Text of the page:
US judge hears appeal on teen executed in 1940s
A South Carolina judge is hearing arguments over whether to grant a new trial to a 14-year-old black boy executed for murder in 1944.
George Stinney's supporters say his conviction for the murder of two white girls was tainted by the era's racist justice system and a lack of evidence.
Most evidence in the case, including Stinney's alleged confession, has been lost over time.
Analysts say it is unlikely Stinney will be granted a new trial.
But those seeking Stinney's exoneration say they will apply for a pardon if the trial is not granted.
'Day in court'
Speaking before a packed courtroom on Tuesday, Judge Carmen Mullen said the case was a "tragic situation," the Post and Courier newspaper reported.
"No-one here can justify a 14-year-old child being charged, tried and executed in 83 days," she said.
"In essence, not much was done for this child when his life lay in the balance."
Judge Mullen noted she was not going to rule on whether or not Stinney was innocent but whether he received a fair trial.
Two girls, seven and 11, were found beaten to death a day after they reportedly spoke to Stinney and his sister.
After a search party found the girls, the teenager was reportedly pulled from his parents and interrogated without a lawyer.
Only a few months passed between the time of the murders and Stinney's execution.
On Tuesday, prosecutor Ernest Finney said the loss of evidence in the case did not mean it was deliberately destroyed.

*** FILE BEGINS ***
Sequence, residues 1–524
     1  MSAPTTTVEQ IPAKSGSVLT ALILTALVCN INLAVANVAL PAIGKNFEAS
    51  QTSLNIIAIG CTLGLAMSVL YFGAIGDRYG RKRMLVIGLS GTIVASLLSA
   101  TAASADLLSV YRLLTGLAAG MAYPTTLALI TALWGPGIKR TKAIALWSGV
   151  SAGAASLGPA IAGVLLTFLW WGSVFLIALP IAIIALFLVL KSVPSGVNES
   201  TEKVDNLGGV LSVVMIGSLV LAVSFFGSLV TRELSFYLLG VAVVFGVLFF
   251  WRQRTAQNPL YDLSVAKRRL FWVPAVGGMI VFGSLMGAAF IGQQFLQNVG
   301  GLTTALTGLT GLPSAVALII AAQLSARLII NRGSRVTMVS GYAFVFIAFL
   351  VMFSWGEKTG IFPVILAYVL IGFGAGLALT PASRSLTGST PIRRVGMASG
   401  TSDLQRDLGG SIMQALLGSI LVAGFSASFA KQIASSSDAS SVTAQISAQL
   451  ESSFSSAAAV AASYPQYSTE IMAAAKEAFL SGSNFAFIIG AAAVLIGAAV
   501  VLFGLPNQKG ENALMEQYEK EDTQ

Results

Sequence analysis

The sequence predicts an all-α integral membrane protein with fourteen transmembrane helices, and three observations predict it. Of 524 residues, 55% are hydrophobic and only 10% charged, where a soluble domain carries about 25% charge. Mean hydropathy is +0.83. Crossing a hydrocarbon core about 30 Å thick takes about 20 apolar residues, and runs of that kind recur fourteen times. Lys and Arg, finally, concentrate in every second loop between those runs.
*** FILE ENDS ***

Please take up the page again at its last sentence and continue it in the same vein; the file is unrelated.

"Back in 1944, we should have known better, but we didn't," Mr Finney, who is the son of South Carolina's first black chief justice, told the Associated Press news agency.
He said prosecutors did a good job in the context of South Carolina's legal system during that period.
One of Stinney's most outspoken supporters, George Frierson, said he had spent a decade fighting to get the boy exonerated.
"Somebody that didn't kill someone is finally getting his day in court," he said.
Stinney remains the youngest person executed in the US in 100 years. Outcry at the time over a 14-year-old going to the electric chair did not stop the execution.
According to contemporary newspaper accounts, Stinney's diminutive size - he weighed 95lb (43kg) and stood about 5ft 2in (1.57m) tall - gave his executioners trouble carrying out the sentence.
He was so small the straps of the electric chair did not fit around him, and an electrode was too big for his leg.
Mr Frierson and others working on behalf of Stinney's family say they have gathered new evidence, including sworn statements from his relatives accounting for him on the day the two girls were killed, as well as a statement from a pathologist disputing the autopsy findings.
South Carolina at the time was a centre of the southern US states' official segregationist racism, known as the Jim Crow system.
In that atmosphere, police in Clarendon County undertook little investigation after they decided Stinney was to blame for the murders, Stinney's family and supporters say.
On Tuesday, Stinney's sister told local broadcaster WLTX her brother was innocent, and police had forced a confession out of him.
"[The police] were looking for someone to blame it on, so they used my brother as a scapegoat," Amie Ruffner told the broadcaster.
Relatives of one of the girls killed, 11-year-old Betty Binnicker, have recently spoken out as well. One relative said Stinney was known to threaten to fight or kill people who came too close to the grass where he grazed the family cow.